How to Protect Yourself
By now you should have a clear idea that vocal distress can come from illness, external sources, or misuse of the voice. You'll want to find some ways to defend yourself against these challenges. Your voice isn't an instrument you can return or replace if it's broken or damaged. It's much easier to protect and care for it now. Usually it's easier to think of what positive actions we can take rather than giving up what's been a long-term habit, comfortable, or pleasurable. As you look through this list, think of one or two actions you might adopt, and then keep adding to those as you're able:
Drink at least eight to ten glasses of water daily.
Use a humidifier to keep moisture in the air.
Use saline spray rather than medicated spray for your nose.
Get at least seven to eight hours of sleep.
Keep a food journal to determine any possible patterns of allergy, discomfort, or time intervals necessary between eating and singing.
Drink water and herbal tea at moderate temperature, neither too hot nor too cold.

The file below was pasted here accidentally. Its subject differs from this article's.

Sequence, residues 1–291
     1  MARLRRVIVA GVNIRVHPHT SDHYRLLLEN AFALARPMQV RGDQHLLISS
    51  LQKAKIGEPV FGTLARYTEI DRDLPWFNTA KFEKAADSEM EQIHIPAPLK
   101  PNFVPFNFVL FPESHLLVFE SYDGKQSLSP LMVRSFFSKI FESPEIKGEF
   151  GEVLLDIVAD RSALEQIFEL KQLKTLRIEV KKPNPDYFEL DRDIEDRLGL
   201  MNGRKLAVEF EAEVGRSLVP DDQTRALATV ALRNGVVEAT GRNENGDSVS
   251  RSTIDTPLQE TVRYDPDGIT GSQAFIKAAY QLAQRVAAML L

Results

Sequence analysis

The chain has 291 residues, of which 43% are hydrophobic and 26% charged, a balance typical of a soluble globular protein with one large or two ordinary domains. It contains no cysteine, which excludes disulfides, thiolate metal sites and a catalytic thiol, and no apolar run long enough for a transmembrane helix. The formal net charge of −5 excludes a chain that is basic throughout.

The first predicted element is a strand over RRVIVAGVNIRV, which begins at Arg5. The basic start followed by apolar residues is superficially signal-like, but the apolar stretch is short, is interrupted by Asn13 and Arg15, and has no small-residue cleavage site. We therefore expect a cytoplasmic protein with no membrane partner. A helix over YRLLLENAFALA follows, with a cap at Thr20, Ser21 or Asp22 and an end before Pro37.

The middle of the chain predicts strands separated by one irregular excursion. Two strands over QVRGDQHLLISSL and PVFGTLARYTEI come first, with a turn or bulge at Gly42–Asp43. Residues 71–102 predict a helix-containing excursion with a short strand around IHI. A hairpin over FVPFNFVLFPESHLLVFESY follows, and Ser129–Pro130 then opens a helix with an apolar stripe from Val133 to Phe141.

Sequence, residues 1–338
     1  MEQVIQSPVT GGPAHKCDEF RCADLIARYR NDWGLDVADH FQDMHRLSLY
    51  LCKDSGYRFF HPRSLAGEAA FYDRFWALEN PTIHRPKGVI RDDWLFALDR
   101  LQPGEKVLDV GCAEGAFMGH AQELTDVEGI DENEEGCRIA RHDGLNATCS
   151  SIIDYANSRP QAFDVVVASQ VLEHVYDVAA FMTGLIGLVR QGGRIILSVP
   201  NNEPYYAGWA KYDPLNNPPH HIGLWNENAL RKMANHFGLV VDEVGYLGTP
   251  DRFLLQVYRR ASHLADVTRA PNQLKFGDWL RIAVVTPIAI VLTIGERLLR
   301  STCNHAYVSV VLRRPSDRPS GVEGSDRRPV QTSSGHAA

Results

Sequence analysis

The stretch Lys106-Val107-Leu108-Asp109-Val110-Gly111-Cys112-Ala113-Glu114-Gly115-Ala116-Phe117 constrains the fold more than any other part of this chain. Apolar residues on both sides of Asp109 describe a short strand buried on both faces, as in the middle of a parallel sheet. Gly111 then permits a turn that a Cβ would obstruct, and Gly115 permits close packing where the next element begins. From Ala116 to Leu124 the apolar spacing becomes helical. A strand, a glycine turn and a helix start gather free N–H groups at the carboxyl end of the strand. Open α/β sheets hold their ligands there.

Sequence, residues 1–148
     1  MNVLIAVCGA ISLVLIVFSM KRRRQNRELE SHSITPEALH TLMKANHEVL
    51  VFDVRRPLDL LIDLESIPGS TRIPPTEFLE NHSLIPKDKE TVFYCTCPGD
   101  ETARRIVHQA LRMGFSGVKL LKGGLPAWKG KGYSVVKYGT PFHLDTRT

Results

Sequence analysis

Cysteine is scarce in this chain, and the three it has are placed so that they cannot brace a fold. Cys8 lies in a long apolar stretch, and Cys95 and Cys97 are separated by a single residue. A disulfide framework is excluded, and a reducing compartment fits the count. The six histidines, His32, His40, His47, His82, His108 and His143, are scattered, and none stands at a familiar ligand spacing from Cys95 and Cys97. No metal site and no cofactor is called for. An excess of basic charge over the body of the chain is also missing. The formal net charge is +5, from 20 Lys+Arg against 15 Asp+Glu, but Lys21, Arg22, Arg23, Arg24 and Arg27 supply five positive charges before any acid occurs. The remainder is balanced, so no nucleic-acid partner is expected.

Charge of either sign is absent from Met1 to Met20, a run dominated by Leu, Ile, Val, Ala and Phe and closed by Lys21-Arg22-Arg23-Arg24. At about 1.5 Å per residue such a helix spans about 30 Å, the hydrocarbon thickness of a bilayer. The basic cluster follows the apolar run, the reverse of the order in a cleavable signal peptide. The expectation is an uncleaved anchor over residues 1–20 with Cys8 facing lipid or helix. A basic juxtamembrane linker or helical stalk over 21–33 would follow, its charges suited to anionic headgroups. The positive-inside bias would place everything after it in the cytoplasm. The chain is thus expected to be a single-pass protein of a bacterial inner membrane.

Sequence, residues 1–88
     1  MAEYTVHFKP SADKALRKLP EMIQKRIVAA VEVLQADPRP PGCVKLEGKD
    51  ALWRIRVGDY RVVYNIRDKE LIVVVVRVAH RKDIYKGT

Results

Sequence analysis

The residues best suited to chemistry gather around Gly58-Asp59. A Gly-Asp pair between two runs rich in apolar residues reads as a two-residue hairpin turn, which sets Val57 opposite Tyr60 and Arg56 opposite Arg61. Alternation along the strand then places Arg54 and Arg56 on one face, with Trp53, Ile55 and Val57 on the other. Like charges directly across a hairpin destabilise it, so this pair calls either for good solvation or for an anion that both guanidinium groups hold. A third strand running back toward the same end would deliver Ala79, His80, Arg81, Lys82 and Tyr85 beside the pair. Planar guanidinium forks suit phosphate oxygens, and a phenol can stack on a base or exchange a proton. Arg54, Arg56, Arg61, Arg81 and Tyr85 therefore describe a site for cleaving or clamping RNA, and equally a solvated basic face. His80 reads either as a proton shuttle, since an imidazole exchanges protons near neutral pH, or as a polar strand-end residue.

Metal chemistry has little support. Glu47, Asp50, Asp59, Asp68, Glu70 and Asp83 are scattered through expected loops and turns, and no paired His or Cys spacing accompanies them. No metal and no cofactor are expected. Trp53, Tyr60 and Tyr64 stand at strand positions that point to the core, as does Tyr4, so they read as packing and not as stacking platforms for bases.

Get plenty of exercise, especially calming practices such as yoga.
Practice proper vocal technique and build up beneficial muscle memory.
Moisture is one of a singer's best friends. Besides drinking plenty of water, you can also inhale steam. There are inhalers with molded plastic masks to guide the steam. Simply boiling water on the stove also works well, as does turning on a hot shower and filling the bathroom with steam.
The more serious you are about singing well, the more careful you need to be with your general physical health. Certainly no one is perfect in the quest for physical and vocal health, but if you can identify which things are helpful or harmful, you'll at least have that information. Then you can make decisions based on the immediacy of your vocal needs and your willingness to accept the consequences of those choices.